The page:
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Differential sentencing of indigenous offenders: What does research tell us?

Indigenous Law Bulletin
Volume 8 Issue 7 (Jul/Aug 2013)

Abstract: A growing body of research indicates that the differential treatment of Indigenous defendants (compared to non- Indigenous defendants) at sentencing is more complex than what is shown by baseline court statistics. For example, baseline court data on sentencing outcomes show that Indigenous offenders are more likely to be sentenced to prison than non-Indigenous defendants in Australia. However, baseline court statistics cannot account for differences in offender and case characteristics. For instance, there are well-known (and understandable) differences in the typical criminal histories of Indigenous and non-Indigenous defendants, which would affect sentencing outcomes. Once we adjust for such differences, research suggests that the disparity between Indigenous and non-Indigenous sentencing outcomes depends on the court environment.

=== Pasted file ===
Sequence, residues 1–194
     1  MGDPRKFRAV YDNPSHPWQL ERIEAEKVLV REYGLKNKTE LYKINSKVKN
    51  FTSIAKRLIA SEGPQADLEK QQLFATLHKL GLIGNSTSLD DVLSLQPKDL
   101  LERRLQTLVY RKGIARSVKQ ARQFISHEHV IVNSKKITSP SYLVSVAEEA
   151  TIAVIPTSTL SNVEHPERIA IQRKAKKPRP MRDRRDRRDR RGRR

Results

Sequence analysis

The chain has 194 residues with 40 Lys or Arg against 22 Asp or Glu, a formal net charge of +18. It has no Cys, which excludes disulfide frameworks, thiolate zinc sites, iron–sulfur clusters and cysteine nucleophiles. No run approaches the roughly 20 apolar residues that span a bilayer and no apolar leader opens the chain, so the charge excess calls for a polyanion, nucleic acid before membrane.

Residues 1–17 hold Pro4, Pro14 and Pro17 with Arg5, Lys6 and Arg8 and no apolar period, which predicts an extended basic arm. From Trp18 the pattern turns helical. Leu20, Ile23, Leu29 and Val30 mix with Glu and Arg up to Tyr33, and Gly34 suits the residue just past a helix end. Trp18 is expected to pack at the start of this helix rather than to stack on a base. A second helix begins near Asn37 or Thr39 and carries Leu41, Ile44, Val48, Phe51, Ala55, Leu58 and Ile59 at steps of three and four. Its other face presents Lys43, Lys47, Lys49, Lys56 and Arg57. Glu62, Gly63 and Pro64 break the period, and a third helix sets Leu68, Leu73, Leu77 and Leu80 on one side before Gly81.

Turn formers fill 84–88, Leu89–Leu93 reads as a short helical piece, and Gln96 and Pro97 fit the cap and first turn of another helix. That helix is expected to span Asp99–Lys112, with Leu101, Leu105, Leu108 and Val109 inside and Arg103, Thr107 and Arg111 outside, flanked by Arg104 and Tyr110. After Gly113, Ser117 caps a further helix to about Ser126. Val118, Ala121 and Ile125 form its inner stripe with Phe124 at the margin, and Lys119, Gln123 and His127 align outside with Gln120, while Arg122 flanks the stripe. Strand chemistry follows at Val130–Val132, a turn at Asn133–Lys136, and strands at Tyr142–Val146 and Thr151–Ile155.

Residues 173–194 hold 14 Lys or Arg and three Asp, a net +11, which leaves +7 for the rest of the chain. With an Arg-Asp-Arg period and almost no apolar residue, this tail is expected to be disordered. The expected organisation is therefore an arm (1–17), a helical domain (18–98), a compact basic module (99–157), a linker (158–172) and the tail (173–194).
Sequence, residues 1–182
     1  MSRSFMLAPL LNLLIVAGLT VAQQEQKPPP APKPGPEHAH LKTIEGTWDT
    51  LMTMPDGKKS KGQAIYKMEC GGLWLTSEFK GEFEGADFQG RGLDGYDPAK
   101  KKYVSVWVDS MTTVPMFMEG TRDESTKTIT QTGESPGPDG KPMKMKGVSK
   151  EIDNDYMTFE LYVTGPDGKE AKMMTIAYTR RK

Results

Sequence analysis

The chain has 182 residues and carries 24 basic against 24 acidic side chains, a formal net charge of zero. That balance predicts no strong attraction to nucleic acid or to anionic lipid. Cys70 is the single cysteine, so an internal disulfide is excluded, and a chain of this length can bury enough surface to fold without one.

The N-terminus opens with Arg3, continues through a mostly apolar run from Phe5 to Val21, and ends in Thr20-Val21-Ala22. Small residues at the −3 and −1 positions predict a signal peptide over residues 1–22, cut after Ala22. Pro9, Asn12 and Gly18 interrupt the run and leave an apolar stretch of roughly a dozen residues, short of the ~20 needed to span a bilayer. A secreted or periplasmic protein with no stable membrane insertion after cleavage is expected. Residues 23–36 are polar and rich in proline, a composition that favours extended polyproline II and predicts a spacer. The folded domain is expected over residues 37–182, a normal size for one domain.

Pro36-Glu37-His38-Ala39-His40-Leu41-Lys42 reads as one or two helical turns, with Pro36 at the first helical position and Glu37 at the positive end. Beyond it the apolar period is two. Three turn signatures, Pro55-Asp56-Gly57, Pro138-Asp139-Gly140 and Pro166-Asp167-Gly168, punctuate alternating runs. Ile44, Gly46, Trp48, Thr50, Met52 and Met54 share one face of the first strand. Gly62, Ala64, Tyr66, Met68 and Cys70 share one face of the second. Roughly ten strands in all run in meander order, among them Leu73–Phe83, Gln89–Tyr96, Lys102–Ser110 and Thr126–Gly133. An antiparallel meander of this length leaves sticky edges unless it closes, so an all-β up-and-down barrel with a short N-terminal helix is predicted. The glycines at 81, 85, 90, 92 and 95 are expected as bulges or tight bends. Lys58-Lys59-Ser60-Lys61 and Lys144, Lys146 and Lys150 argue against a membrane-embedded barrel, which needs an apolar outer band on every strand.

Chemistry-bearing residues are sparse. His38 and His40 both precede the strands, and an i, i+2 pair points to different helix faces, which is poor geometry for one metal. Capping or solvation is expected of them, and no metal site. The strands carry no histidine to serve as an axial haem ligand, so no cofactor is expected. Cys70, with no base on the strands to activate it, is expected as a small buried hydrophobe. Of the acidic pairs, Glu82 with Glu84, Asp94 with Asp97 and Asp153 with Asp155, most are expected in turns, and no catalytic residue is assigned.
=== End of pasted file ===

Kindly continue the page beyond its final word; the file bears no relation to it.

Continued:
To cite this article: Bond, Christine and Jeffries, Samantha. Differential sentencing of indigenous offenders: What does research tell us? [online]. Indigenous Law Bulletin, Vol. 8, No. 7, Jul/Aug 2013: 15-18. Availability: <http://search.informit.com.au/documentSummary;dn=615580027472029;res=IELIND> ISSN: 1328-5475. [cited 14 Feb 16].

Personal Author: Bond, Christine; Jeffries, Samantha; Source: Indigenous Law Bulletin, Vol. 8, No. 7, Jul/Aug 2013: 15-18 Document Type: Journal Article ISSN: 1328-5475 Subject: Sentences (Criminal procedure); Problem solving; Criminal justice, Administration of; Prisoners, Aboriginal Australian; Peer Reviewed: Yes Affiliation: (1) Senior Lecturers, School of Criminology and Criminal Justice, Griffith University
(2) Senior Lecturers, School of Criminology and Criminal Justice, Griffith University

Database: Indigenous Collection